Rhetoric, Paideia and the Phaedrus
ABSTRACT: Some of the notorious interpretive puzzles of the Phaedrus arise from reading it in terms of a static version of mimesis; hence, the concerns about its apparent failure to enact its own norms and the status of its own self-commentaries. However, if the dialogue is read in the light of the more dynamic model of a perfectionist paideia — that is, Plato’s portrayal of Socrates as attempting to woo Phaedrus to philosophy (with only partial success) is itself a rhetorical attempt to woo the appropriate reader — then many of the puzzles fall into place as part of the rhetorical strategy. The apparent lack of formal unity arises out of Phaedrus’ own deficiencies; the written dialogue turns out precisely not to fall foul of the criticisms of writing that it contains, and its self-commentaries can be given their appropriate ironic weight. On this reading, a Platonic conception of philosophy that embodies yet transcends the dialectical is given persuasive expression.
The interpretative puzzles of the Phaedrus are notorious: from a rhetorical point of view it is far from clear that it exhibits the organic unity it apparently endorses, from a philosophical one it exhibits in partially dialectical writing a critique of dialectical writing, while its self-commentary on its own set speeches is puzzling — not least the degree of endorsement it allows to the associations between mania, eros, poetry and philosophy rhetorically presented in Socrates' second speech.
Richard Rutherford's recent discussion of these issues (1995: chap. 9) provides a helpful starting point. He plausibly argues for reading Socrates' second speech in the light of the wider dialogue — not least in the light of the Phaedrus' own insistence (264c) that every logos should be a coherent whole — and points out that Socrates declares that in his second speech or 'Palinode' he 'was forced to use somewhat poetical language because of Phaedrus' (257a). Rutherford goes on to propose that the Phaedrus is concerned with 'a vital choice Phaedrus must make, ... concerned with love' — being properly read 'in part as a conversation-dialogue, presenting the process of Phaedrus' turning to philosophy' (1995: p. 248-9); thus we see 'Socrates as a lover wooing Phaedrus' to philosophy. (p. 247)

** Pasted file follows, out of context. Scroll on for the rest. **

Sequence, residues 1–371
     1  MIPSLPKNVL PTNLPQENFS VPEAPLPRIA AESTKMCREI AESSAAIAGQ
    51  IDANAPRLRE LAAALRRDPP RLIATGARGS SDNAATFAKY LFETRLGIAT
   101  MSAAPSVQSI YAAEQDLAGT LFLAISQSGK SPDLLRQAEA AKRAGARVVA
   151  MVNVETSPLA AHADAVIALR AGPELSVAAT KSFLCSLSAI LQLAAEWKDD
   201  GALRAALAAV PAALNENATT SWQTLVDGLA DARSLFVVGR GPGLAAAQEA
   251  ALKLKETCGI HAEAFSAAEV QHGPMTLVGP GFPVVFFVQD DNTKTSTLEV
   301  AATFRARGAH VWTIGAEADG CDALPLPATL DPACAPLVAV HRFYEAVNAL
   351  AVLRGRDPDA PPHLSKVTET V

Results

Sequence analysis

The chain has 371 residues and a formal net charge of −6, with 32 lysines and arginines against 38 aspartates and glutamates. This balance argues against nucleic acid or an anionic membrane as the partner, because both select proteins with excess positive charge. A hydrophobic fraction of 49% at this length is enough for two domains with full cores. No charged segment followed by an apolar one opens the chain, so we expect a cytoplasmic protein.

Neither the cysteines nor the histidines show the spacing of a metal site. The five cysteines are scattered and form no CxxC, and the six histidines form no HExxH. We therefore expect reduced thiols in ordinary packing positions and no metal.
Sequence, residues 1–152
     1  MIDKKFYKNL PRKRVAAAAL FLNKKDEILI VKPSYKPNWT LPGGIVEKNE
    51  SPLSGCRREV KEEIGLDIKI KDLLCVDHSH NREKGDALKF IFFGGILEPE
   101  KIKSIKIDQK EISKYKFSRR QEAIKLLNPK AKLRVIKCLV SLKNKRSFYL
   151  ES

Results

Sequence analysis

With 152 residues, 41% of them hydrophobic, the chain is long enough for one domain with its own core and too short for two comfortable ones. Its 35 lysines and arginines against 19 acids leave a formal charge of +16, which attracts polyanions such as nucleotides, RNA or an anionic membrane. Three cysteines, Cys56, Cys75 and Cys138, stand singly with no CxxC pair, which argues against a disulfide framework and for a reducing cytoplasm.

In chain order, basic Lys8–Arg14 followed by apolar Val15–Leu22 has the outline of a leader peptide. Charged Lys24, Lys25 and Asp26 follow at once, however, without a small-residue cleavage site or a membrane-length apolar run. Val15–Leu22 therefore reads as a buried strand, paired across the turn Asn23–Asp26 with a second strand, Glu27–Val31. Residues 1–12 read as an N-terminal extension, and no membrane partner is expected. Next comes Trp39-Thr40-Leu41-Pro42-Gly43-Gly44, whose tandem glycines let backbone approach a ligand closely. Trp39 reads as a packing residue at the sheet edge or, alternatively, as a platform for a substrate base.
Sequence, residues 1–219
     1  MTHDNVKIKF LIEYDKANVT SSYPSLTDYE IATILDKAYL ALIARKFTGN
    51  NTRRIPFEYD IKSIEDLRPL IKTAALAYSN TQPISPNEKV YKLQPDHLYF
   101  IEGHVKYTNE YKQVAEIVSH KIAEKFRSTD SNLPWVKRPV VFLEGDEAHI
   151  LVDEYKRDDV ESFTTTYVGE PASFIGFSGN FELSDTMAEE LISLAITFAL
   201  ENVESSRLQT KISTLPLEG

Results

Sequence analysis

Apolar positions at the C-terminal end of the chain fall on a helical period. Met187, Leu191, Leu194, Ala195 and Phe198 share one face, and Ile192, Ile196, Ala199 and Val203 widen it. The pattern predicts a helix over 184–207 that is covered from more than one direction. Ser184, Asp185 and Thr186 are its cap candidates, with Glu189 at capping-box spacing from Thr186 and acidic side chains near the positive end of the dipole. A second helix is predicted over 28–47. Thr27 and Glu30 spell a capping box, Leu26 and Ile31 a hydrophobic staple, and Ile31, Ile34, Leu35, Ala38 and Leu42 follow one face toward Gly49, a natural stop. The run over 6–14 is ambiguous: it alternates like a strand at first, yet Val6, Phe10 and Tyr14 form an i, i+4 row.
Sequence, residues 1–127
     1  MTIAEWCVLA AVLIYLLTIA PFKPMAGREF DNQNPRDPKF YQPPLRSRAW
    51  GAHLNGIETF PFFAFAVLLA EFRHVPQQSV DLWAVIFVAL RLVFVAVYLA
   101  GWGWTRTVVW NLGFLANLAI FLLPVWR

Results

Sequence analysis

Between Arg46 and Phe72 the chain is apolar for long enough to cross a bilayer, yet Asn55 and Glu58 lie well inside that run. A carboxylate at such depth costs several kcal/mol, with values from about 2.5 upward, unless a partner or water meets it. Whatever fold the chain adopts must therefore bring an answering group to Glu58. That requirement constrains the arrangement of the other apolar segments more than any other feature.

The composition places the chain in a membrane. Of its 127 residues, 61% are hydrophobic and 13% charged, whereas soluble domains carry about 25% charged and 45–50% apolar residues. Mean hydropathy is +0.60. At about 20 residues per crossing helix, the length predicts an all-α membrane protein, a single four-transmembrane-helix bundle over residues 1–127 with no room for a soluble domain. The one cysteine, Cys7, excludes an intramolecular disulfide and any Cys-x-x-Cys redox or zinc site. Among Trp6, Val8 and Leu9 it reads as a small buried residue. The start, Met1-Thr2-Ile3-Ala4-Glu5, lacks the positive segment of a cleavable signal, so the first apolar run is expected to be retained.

On this account, Socrates enacts in the dialogue the different varieties of good madness expounded in the Palinode (p. 262), and the latter 'exemplifies the rhetorical and persuasive skills which Socrates requires of the true orator in the second half of the dialogue' (p. 257). However, Socrates himself acknowledges (265b) that he has not in fact 'produced a perfect and uniform work such as that he describes as the ideal', and Rutherford suggests that 'the same is true of Plato's achievement (or deliberate underachievement) in the Phaedrus as a whole'. This feature both points to 'the imperfections of the written word, to the unfinished nature of this, and...